Digital Transformation: BizOps and Business Architecture

You’ve probably heard of DevOps, or development to operations as an extension to Agile development. BizOps extends that to business to operations, sometimes called BizDevOps, business to development to operations. In some organizations, the term BizOps refers to a cross-functional special team, often of internal consultants, that help in different situations where quick business action and cross organizational scope is required. On the other hand, BizDevOps is a continuous, incremental, data and business driven approach for quickly implementing changes that they are aligned with business goals and strategies, and that what is delivered is measured to ensure that it is achieving the intended outcomes. The best practice is to combine all of this so that the end-to-end spectrum of activities, from triage, to business case, analysis, prioritization, stories, sprints, tests, integration, deployment, measurement and continuous improvement is integrated together. In this article, I’ll look at the basic principles and phases of BizOps.

For good reasons, organizations large and small are increasingly adopting development approaches that allow for flexible and emergent requirements, faster development, automation of processes, frequent updates, and operational excellence. Agile development and DevOps are common components of this shift, intended to increase both the speed and quality of releases. In fact, IT organizations are now measured in terms of the frequency of release as a key indication of maturity.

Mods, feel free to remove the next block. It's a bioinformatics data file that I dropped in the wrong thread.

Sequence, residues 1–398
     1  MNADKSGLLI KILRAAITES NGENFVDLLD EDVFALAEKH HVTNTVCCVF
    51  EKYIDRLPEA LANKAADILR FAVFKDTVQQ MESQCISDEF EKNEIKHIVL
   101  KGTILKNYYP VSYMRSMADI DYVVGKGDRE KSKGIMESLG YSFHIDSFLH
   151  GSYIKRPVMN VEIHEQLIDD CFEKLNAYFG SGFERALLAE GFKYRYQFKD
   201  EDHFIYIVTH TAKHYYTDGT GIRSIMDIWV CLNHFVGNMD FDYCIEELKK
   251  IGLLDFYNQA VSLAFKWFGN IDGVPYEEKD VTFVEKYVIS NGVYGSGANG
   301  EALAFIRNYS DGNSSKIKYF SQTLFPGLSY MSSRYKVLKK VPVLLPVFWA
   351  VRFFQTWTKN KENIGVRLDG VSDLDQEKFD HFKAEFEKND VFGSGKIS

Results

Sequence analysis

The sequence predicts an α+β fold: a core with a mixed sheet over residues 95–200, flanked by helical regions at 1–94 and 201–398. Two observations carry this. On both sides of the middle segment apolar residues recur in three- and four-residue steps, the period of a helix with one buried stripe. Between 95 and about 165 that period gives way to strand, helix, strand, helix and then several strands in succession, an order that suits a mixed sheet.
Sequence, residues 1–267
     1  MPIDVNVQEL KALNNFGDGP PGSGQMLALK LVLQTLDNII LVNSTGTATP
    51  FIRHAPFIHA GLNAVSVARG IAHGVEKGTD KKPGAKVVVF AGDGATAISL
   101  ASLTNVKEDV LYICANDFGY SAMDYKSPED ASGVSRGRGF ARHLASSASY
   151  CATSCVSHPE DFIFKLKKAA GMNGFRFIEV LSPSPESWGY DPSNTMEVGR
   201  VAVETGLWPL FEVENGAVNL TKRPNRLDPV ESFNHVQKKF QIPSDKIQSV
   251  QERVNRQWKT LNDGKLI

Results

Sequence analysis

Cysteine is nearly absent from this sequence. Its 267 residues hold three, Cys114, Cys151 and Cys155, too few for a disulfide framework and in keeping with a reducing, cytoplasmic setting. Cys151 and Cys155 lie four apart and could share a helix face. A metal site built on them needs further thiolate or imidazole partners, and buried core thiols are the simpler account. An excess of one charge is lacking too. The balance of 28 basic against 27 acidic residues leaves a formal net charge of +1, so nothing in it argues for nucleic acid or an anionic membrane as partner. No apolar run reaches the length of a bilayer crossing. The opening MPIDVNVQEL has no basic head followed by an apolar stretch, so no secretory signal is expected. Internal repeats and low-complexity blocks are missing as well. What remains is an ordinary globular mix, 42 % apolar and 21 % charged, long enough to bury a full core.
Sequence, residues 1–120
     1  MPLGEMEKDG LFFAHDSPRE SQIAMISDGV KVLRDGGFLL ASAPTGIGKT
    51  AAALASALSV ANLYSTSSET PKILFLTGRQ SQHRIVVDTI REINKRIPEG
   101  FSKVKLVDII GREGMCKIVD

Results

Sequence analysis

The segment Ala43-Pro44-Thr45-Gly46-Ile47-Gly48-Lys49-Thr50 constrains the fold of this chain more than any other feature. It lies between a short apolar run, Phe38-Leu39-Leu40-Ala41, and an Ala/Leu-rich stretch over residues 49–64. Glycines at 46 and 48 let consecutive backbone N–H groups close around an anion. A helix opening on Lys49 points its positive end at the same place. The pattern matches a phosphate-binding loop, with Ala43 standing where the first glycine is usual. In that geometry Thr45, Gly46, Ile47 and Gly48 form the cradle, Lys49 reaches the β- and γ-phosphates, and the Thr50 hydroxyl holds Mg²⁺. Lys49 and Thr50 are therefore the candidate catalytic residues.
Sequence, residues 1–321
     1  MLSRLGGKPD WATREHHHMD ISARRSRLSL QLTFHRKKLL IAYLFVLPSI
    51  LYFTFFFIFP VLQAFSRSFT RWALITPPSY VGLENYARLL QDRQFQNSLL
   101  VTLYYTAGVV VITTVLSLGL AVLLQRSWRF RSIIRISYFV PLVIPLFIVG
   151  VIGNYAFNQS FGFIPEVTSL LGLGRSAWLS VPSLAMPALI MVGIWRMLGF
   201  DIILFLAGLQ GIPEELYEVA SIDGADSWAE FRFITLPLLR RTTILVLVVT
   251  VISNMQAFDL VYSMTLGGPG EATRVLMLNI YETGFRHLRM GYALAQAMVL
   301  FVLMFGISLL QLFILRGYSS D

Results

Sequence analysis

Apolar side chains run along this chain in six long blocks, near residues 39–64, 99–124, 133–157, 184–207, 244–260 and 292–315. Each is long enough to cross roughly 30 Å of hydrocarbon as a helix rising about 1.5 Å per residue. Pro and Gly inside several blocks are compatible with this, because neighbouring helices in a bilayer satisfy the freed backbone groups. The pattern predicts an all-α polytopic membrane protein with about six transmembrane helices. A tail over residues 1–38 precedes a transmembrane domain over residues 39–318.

While DevOps can greatly increase the speed and efficiency of development, this often comes at the expense of strategic alignment. At a project level, organizations are deploying software faster, but, are they deploying the right things. While speed is important, it is the right things at the right speed — the “speed of business change” — that is critical to success today. Unfortunately, sometimes those efforts are siloed, where organizations are optimizing for a narrow approach that ultimately suboptimizes the whole or are just heading faster toward more technical debt and redundancy with less enterprise consistency and interoperability. How can we adopt the best aspects of DevOps and also address the challenges?

Some key characteristics of DevOps that contribute to speed are the continuous feedback between stages, faster cycle time supported by small Agile sprints and automation, and metrics that measure the overall success and speed of delivery. A typical (but not exhaustive) set of principles includes:

  • Taking an economic view
  • Using Systems Thinking
  • Preserving options
  • Advancing incrementally with fast, integrated learning cycles
  • Managing workflow, cadence and synchronization

BizOps follows these principles and characteristics and enhances them to add an enterprise perspective and extend the cycle to include continuous feedback about business outcomes and continuous, business driven prioritization and planning.

BizOps Continuous Cycle

The figure below illustrates the BizOps continuous cycle.

Figure 1 – BizOps Continuous Feedback Cycle
  • Agile Development – Agile development refers to a set of methodologies based on iterative development, where requirements and solutions evolve through collaboration between self-organizing cross-functional teams. Agile is iterative and incremental, time boxed, test driven, focused on a minimum viable product, based on continuous owner feedback, and measurable.